The Association of Health Care Journalists (AHCJ) currently serves more than 1,500 members. When the pandemic started, it became a top website to collect and distribute COVID-19 resources. Its COVID-19 resource page (healthjournalism.org/covid-19) provides data, tip sheet, and webcasts for all journalists. In addition, since March 2020, it has provided at least 25 podcasts on COVID-related topics. AHCJ is also currently offering journalists covering COVID-19 a special, limited-time membership offer that will grant them access to all resources found on the website for a discounted fee of $30.

Having those core topic writers in place put them ahead of the game, said Gideon Gil, AHCJ treasurer and board member (Gil is also a managing editor at STAT). Those core topics include infectious diseases, mental health, aging, and health reform. The infrastructure for those writers to pivot to write about COVID was already here, said Gil.

AHCJ also has the benefit of credible, experienced health care journalists on hand to guide journalists who don’t normally report on health and science. In today’s age of misinformation, it has become even more difficult for journalists to know what is accurate and what is not.

“We rely on our people to know what is credible and to point people to the correct experts,” said Gil. “AHCJ’s main purpose has always been to educate and train, not only health journalists, but all journalists covering stories about health.”

Berke also cautioned journalists that just because someone has M.D. in their name, it  doesn’t mean they are qualified to talk about COVID-19.

“In my experience, it’s people who are not pitching stories that can be trusted more,” he said. “Our reporters have developed sources and relationships in the field, in what was an inaccessible world to many people. Even our opinion pieces are carefully vetted to be reputable.”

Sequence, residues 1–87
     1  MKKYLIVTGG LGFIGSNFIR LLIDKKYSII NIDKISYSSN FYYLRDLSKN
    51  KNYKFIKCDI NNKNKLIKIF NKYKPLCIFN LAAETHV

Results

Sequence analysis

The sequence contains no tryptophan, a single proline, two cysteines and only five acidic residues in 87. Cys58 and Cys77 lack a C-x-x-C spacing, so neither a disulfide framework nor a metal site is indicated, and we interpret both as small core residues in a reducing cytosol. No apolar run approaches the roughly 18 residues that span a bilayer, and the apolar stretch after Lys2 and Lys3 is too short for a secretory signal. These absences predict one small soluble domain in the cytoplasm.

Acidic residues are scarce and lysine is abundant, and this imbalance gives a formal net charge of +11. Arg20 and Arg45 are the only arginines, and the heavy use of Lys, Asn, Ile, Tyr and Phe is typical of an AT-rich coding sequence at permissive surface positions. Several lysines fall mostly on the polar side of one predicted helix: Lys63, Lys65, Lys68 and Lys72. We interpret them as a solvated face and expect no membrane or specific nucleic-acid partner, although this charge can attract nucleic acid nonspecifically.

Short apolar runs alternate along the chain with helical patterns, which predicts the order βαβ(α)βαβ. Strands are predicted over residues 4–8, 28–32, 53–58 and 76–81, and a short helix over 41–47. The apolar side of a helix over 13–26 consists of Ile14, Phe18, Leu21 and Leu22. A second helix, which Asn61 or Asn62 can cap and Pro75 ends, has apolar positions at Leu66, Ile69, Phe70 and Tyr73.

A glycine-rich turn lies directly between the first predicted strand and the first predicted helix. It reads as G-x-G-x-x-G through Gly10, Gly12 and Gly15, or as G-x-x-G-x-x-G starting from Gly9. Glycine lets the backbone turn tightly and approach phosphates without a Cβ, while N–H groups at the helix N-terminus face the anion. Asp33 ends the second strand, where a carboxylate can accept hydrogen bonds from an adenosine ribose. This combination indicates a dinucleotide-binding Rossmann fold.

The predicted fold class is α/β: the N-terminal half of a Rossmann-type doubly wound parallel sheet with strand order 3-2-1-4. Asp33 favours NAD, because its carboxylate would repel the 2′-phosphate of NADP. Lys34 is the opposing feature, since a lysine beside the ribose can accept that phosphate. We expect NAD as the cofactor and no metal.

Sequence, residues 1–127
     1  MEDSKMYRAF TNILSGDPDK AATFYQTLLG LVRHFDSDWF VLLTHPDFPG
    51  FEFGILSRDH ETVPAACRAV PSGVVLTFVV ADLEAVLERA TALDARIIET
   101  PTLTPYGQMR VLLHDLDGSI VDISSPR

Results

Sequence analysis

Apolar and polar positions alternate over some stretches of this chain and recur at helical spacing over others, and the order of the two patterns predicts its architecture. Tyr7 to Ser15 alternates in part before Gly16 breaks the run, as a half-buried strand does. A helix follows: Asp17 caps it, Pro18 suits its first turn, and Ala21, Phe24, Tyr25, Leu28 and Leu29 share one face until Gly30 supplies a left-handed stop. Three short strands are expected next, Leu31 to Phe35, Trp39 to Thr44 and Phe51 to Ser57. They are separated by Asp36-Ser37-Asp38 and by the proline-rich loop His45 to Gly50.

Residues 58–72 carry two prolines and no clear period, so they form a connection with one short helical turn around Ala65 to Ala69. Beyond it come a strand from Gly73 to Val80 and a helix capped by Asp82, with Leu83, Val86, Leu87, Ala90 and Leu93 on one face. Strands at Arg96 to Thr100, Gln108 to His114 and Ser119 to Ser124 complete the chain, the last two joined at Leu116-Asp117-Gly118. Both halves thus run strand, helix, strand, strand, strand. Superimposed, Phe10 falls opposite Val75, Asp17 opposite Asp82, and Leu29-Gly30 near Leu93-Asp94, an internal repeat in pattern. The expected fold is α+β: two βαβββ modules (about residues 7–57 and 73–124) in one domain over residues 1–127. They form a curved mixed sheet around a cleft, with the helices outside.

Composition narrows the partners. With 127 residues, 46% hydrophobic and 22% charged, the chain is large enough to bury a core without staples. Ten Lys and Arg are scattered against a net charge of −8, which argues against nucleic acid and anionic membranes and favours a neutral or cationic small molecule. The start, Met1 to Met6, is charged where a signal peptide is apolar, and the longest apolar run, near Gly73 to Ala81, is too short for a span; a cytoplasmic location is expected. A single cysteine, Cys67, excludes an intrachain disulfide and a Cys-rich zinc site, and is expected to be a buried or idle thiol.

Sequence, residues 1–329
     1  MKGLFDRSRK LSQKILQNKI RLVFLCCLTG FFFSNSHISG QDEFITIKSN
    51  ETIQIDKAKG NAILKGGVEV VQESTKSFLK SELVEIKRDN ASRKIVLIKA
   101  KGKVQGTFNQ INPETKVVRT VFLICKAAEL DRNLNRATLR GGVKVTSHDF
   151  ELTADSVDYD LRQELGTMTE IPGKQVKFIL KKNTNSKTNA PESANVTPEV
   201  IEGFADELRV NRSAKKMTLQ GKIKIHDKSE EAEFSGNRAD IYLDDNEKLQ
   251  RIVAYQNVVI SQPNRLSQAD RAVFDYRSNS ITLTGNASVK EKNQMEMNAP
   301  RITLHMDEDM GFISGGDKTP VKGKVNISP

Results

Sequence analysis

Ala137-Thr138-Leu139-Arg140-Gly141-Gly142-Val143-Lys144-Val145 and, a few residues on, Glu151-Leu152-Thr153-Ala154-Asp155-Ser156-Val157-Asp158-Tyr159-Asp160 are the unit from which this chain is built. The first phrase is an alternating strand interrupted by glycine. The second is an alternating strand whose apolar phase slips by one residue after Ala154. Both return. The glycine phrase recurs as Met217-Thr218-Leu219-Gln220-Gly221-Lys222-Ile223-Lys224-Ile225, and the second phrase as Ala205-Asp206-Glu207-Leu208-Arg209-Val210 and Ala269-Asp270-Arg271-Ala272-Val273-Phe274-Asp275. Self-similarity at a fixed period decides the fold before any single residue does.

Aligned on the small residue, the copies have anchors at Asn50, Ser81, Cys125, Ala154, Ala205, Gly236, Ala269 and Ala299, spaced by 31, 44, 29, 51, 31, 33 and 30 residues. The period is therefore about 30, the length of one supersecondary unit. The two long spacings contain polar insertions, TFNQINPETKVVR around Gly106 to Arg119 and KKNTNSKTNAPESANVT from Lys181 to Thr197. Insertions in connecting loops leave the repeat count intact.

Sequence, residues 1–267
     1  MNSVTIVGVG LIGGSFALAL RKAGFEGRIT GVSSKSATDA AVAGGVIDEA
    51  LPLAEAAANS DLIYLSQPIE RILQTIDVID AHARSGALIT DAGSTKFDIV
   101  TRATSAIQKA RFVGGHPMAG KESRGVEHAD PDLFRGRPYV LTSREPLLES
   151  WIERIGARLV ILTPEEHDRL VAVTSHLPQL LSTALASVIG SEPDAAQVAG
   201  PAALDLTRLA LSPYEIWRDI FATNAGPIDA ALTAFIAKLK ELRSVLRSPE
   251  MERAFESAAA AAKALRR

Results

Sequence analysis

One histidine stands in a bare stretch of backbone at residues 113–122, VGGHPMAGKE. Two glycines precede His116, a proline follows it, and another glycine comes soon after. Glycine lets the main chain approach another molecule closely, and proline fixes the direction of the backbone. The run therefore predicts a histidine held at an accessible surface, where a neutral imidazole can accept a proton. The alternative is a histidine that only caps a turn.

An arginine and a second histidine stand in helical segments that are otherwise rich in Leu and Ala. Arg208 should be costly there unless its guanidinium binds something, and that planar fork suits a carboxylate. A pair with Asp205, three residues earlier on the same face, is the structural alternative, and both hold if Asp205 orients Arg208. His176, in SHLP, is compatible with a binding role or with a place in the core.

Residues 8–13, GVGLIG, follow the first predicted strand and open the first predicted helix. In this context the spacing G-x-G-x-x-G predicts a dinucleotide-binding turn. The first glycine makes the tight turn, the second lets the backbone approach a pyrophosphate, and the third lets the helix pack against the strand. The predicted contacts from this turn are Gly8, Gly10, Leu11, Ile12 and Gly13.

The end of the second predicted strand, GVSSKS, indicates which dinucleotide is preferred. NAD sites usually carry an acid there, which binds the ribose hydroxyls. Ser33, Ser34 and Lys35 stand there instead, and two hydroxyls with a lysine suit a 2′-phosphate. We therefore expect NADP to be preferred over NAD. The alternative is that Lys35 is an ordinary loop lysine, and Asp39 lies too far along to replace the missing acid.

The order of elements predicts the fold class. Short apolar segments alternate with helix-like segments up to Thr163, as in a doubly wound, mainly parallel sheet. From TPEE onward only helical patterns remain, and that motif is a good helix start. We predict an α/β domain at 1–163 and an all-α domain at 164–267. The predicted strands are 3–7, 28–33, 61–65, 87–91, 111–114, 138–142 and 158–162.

Also combatting misinformation is The Virality Project. Launched in February, The Virality Project is “a coalition of research entities focused on supporting real-time information exchange between the disinformation research community, public health officials, civil society organizations, government agencies, and social media platforms,” according to its website (viralityproject.org) Their objective is to “detect, analyze, and respond to incidents of false and misleading narratives related to COVID-19 vaccines across online ecosystems.”

The website includes weekly briefings that summarize and highlight critical trends in anti-vaccine discussions. It also features policy analysis and rapid response narrative pieces such as the potential of “vaccine passports,” although the White House has announced it does not support such a program for Americans.

Looking Back and Ahead

At the start of the pandemic, the majority of the health-related news cycle focused on masks and social distancing, but it has now shifted to understanding vaccines and safety guidelines for in-person gatherings as they become the norm again. How can reporters keep an eye on a moving target and stay on top on all the developments?

“Our natural instinct is to let up (COVID coverage) after a year, but the nature of the pandemic is that it’s an ongoing battle,” Gil said. “New stories are constantly being told. As the virus evolves and new variants are found, this will create new challenges…For journalists, there’s a daunting, endless list of stories to pursue.”